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Speedy Squirrel Speedy Squirrel is offline
Rocket Scientist
Join Date: Jun 2008
Location: Detroit
Posts: 948
Classic engine "blueprinting" consists of:

1. Line boring. The true center of all the main bearing bores is found. Once the centers are known, the maximum deviation from a hypothetical line through the mean center is calculated. Half that amount is machined from each case half mating surface, the case halves are bolted together, and the main bearing diameters are re-bored so that they are all in close alignment. I do perform this step on the engines I build, and it can yield a few HP.

2. Next the crank indexing and stroke are corrected. The crank is reground, within the maximum allowed under-size, such that the appropriate throws are 120 degrees apart, and the throw (1/2 the stroke) is the same on all rod journals.

3. The piston compression height is measured. For flat-tops, the crown is machined down by a very small amount so that they are all the same. The rod for each cylinder is re-bushed at the small end so that the center to center length is the same. Now the tops of each piston are exactly the same distance from the crank centerline at TDC.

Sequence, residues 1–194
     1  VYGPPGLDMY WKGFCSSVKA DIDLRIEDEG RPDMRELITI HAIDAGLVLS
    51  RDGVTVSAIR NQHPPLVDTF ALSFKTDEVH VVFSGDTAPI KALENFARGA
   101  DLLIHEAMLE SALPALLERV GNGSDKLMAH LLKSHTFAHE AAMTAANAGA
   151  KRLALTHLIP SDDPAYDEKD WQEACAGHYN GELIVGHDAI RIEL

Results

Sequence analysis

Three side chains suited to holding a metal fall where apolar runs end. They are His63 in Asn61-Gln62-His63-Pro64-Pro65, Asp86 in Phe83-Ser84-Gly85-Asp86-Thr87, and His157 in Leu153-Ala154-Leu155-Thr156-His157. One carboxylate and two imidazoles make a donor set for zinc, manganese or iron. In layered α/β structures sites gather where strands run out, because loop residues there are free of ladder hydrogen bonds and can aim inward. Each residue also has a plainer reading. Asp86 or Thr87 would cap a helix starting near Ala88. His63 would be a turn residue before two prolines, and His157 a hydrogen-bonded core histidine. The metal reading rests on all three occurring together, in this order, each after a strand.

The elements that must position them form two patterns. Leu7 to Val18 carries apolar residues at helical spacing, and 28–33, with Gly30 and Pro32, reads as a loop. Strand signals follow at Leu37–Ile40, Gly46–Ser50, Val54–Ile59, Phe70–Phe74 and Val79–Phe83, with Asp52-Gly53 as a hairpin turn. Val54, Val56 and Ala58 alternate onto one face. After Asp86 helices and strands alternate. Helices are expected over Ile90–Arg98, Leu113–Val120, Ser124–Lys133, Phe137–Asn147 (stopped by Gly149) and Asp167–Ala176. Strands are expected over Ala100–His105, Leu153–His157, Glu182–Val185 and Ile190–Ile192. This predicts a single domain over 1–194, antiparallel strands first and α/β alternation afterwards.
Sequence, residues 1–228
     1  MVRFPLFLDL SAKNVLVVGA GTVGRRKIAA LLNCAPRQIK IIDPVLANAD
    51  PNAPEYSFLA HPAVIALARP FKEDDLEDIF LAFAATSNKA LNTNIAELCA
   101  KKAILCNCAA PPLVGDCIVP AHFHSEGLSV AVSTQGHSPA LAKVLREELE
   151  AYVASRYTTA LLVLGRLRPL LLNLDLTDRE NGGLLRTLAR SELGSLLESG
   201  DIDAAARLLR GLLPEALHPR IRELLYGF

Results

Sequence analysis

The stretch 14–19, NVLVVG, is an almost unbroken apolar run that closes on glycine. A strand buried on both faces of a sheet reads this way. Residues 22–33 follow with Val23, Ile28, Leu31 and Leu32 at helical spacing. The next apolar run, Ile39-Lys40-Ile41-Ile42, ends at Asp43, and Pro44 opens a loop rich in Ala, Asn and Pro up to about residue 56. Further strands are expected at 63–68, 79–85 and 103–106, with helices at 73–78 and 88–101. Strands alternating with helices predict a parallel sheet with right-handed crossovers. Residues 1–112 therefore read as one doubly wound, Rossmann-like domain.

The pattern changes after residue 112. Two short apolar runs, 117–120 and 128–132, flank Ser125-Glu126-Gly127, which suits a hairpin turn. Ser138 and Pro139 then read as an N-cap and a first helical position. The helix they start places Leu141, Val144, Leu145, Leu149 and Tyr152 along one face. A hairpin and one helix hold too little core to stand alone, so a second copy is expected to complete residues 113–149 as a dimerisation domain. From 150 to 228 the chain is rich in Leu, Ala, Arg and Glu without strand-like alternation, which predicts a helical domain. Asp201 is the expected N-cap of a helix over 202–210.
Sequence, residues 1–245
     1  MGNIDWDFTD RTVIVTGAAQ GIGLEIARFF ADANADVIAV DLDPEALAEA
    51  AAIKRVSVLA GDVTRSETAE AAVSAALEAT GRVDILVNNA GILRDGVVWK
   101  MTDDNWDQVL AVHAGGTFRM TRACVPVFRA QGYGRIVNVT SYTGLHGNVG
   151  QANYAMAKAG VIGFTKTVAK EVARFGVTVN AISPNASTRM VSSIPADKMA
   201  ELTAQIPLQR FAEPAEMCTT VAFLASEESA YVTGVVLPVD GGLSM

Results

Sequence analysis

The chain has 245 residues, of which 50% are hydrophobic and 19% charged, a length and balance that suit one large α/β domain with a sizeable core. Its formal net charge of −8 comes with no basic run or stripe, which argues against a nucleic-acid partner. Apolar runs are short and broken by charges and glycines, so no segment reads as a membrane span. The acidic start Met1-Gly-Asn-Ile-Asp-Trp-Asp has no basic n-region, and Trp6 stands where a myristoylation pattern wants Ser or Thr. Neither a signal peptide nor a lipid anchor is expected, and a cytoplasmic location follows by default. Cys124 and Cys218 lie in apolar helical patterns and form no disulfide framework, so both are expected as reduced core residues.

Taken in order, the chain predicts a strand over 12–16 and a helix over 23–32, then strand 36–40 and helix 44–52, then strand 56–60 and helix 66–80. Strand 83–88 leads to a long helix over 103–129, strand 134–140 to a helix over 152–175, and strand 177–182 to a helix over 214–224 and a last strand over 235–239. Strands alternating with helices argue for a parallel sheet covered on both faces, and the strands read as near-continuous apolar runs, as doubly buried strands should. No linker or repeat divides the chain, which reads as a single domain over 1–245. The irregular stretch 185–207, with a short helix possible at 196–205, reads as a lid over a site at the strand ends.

4. The cylinders are either machined so that they are all the same height, or custom base shims can be used. Now, at TDC the top of the piston is the same distance from the top of the cylinder for each cylinder.

5. The combustion chambers of each fully assembled head are measured, and a small amount of material is removed from the "small" chambers until their volume equals the largest chamber.

6. Cam and rocker arm surfaces are micropolished to reduce friction.

... and that is just the blueprinting part! I wouldn't even do some of this, especially the crank grinding. It is disturbing to take it undersize. If something ever happens, it is done for. With balancing though, you would have an engine exactly as Mezger intended.
Old 11-30-2014, 06:12 PM
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